How to Get Your Big Break as an Artist
We all dream for the big break and this post is how to make it happen! A big collector happens to see your work and buys the entire series. A patron of the arts believes in you and wants to fund a year of studio work and creative study. A gallery in New York wants to feature you in a big solo show.
Alright, let’s start getting real. These types of big breaks do happen, but we can’t expect those events and opportunities to just fall into our lap. You need to set yourself up for success. These “big breaks” or moments of “luck” do not come without lots of hard work behind us. Putting in studio work to make art, spending time writing proposals, and spending money to document the images are all steps you can make to execute your best creative effort. These steps help you increase your “luck” and ability to get accepted, funded, published, printed, promoted, and sold. They also help prepare you so when those moments do happen, you are ready for the next level of focus and work that the new opportunity may bring.
So instead of a list of ways to make your big break happen, this list compiles ways to help you set yourself up for success.
Goals: To begin setting your career up for these “big break” style opportunities, set challenging but realistic goals. Keep in mind what career stage you are in when writing goals. If you are an emerging artist, focus on building your portfolio of work or getting your art on a website. If you are a mid-career artist, focus on building your merchandise, building a brand, or getting a grant proposal funded.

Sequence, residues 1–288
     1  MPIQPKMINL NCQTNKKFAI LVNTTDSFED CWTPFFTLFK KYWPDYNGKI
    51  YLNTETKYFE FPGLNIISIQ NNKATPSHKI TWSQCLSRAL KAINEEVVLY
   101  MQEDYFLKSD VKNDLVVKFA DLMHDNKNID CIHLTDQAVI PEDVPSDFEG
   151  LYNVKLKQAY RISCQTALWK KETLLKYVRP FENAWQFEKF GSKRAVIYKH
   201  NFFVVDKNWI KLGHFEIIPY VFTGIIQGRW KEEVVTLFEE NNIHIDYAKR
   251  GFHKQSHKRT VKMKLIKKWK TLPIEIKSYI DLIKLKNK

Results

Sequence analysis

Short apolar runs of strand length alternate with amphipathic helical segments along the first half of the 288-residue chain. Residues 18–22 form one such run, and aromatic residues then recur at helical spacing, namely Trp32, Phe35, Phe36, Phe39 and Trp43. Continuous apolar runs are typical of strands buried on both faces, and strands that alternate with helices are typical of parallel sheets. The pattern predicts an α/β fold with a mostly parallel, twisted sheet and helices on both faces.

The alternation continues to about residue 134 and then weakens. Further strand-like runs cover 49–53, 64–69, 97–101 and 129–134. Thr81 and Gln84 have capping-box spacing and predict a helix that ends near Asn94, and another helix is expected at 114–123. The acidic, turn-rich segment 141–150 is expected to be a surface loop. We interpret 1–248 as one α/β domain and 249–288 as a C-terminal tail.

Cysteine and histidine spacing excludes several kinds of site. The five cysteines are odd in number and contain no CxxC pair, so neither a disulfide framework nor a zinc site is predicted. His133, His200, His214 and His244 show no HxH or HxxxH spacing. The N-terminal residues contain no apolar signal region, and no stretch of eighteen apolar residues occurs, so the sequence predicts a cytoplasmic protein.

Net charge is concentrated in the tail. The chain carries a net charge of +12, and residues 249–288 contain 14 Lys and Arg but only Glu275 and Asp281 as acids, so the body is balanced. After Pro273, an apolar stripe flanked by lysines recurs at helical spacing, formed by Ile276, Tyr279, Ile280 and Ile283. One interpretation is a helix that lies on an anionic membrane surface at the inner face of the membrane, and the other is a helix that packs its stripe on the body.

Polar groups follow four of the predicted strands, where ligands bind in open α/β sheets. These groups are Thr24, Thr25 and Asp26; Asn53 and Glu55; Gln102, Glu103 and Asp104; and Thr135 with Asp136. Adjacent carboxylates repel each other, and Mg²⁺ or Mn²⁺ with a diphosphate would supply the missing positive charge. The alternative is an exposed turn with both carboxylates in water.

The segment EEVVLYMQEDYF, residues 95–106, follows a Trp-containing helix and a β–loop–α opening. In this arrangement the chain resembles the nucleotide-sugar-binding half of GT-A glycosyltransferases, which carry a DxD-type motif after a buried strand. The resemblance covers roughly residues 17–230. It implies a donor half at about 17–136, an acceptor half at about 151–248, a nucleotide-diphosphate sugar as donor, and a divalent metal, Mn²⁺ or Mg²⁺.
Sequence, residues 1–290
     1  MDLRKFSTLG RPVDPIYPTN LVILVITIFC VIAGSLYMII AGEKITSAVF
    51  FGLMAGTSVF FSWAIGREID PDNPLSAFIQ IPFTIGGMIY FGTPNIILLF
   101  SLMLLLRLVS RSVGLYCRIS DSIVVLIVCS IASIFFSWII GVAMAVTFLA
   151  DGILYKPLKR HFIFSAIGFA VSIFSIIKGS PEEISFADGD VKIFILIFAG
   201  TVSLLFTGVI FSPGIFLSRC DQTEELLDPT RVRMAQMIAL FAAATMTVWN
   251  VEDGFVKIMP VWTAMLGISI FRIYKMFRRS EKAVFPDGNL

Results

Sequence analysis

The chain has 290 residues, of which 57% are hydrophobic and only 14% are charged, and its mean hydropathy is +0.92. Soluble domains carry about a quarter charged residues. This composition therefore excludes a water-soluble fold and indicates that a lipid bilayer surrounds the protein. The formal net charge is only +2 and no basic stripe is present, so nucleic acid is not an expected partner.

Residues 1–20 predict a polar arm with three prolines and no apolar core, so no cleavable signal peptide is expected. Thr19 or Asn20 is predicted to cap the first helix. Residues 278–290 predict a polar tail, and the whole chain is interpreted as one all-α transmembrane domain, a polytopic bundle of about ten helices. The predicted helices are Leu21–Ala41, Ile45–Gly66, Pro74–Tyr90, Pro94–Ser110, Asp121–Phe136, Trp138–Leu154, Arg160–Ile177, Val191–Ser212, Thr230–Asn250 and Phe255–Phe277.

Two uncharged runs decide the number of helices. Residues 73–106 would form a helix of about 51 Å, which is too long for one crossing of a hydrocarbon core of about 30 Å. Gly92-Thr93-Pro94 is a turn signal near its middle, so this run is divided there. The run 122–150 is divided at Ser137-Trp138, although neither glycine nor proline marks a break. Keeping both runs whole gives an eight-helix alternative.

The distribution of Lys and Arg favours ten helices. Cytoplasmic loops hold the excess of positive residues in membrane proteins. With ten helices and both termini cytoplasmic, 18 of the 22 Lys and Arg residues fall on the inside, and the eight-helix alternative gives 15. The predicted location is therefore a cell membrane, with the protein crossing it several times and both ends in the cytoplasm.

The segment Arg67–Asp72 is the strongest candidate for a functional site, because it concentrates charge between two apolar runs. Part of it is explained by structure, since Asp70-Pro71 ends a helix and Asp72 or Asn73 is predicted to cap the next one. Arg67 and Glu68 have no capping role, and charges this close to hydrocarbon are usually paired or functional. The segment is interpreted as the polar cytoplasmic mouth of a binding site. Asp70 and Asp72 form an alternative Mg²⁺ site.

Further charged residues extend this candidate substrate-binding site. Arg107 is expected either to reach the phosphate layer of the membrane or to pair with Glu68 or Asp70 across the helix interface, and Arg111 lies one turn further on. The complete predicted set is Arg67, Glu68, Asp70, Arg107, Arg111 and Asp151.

Strengthen Your Weaknesses: Once you have spent time setting goals, evaluate your strengths and weaknesses. Determine what areas you need to immediately work on. This doesn’t mean we all need to perfect every aspect of our business. We can’t all be good at everything. Identify what you can improve on, and make a plan to execute. Then, identify what you need help with. Hire consultants, designers, and contractors who can help you in areas you are less skilled in. Think about hiring help with website design, social networking, or documenting your work. Having a professional take over the “weak” areas of your business will strengthen your brand without the extra headache.
Mentorships and Apprenticeships: Ask for help along the way. Find yourself a mentor to work with who can guide your career trajectory. They can ask the right questions, push the correct pressure points, and help prepare you in the best way for your future established career. Don’t forget to consider an apprenticeship if you want to focus on the quality of the work and learn a specialized craft, technique, or skill.
Enjoy the Ride: Your career with a twist, turn, speed up and slow down. Be open and flexible and when you least expect it, big breaks will happen. Be thankful when these opportunities show up, and chalk it up to your work rather than pure luck.